When you grow spinach in your garden for fresh salads, you can learn both when and when to harvest spinach and store it and can help ensure that you extend your crop and enjoy more from the plant.
Harvest spinach when the leaves are tender enough to eat. Spinach can be harvested 40 to 65 days after sowing.
Spinach is a super hardy green leafy vegetable and is a popular crop that can be grown very early in the spring, fall, and even winter in some areas.
Spinach has similar growing conditions and requirements to lettuce but is much more nutritious and capable of being eaten raw or cooked.
It is higher in iron, calcium, and vitamins than most cultivated vegetables and is one of the best sources of vitamins A, B, and C.
The key to harvesting spinach leaves is to pick the leaves from the outside of the plant and make the center grow. This keeps the plants healthy so they can continue to produce more leaves.
If you want baby spinach leaves, harvest them when they are about 2 inches (5 cm) long.
Generally, spinach can be eaten raw or gently sautéed because it is so tender. If you plan to cook spinach, or can boil or freeze it, wait until the leaves get 4 inches (10 cm) long or longer for better yields.
Some spinach leaves will reach 6 inches (15 cm) long or longer, depending on the variety.
When harvesting spinach, you can usually pinch the leaves off the stems with your fingernails. You can also use kitchen shears or scissors to harvest the leaves.
Just be sure to get the entire leaf and a little bit of the stem. If you break a leaf without a stem, it will quickly go bad.
In spring, when the days get longer and the weather warms up, the plants will start to wilt. Anchoring is when they start to send out seed stalks and eventually flower.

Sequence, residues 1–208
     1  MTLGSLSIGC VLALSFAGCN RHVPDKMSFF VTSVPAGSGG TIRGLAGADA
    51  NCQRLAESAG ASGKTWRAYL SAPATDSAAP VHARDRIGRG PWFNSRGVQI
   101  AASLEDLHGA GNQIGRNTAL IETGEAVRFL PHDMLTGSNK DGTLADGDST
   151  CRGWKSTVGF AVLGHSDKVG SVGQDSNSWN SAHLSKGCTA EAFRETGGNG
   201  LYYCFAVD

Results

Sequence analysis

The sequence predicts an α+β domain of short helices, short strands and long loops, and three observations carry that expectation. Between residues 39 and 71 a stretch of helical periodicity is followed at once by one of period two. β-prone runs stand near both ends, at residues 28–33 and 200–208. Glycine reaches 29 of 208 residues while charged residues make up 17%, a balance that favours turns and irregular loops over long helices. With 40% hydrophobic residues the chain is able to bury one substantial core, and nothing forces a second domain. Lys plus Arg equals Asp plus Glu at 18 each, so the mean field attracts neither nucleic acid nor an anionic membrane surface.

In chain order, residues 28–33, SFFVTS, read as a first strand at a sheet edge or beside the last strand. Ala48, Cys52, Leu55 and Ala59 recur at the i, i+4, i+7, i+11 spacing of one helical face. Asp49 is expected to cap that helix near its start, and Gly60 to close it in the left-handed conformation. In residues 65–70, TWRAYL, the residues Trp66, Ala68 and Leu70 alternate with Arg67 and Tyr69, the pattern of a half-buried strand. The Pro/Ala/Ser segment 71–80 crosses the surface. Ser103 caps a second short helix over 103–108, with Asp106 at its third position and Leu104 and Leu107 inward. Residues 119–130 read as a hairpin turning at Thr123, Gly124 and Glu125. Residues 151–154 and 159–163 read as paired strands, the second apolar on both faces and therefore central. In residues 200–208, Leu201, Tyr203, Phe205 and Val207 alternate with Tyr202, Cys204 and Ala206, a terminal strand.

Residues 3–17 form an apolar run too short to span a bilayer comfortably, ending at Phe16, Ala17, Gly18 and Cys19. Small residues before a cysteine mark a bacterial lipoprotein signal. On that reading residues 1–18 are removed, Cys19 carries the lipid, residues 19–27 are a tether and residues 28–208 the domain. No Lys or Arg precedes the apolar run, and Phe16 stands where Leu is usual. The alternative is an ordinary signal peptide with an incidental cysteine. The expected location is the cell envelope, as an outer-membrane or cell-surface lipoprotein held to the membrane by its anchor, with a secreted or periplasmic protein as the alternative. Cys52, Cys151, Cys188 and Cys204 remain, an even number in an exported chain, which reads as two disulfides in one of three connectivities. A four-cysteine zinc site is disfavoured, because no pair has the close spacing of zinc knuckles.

If you allow this to happen, the leaves will become bitter and almost inedible. When mature plants grow taller in a short period of time, this indicates that seed stems are coming. At this point, pull up the entire plant and harvest all the leaves.
In the fall, mature spinach plants will hold frost well. When the temperature looks like they will drop below 30°F (-1.1°C) at night, we move on, pull up the plants, and harvest all the leaves that are available.
WHEN TO HARVEST SPINACH
Harvest spinach as close to mealtime as possible for the best flavor.
Spinach grows best at temperatures of 60°F-65°F (15°-18°C)-usually in the spring or fall.
When temperatures reach 70°F (21°C) or higher, the plant usually blooms (flowering) and stops producing. If temperatures rise to 80°F (26.6°C), start picking outer leaves immediately; this will briefly delay bolting. Very warm temperatures make spinach bitter.
Grow New Zealand spinach (Tetragonia Dragonoid’s) where temperatures are consistently above 80°F (26.6°C); it looks and tastes like spinach, but will flourish in warmer temperatures.
In mild winter areas, spinach is usually produced throughout the winter. During cold winters, spinach is grown under plastic tunnels or in cold frames.
In a cold frame, spinach can be covered with straw or hay to prevent it from freezing. Winterizing spinach will give you an early spring harvest.
HOW TO HARVEST SPINACH
Cut spinach with garden shears, piece by piece – cutting off the outer leaves first to allow the inner leaves to grow – or cut 1 inch (2.5 cm) of soil off the entire plant.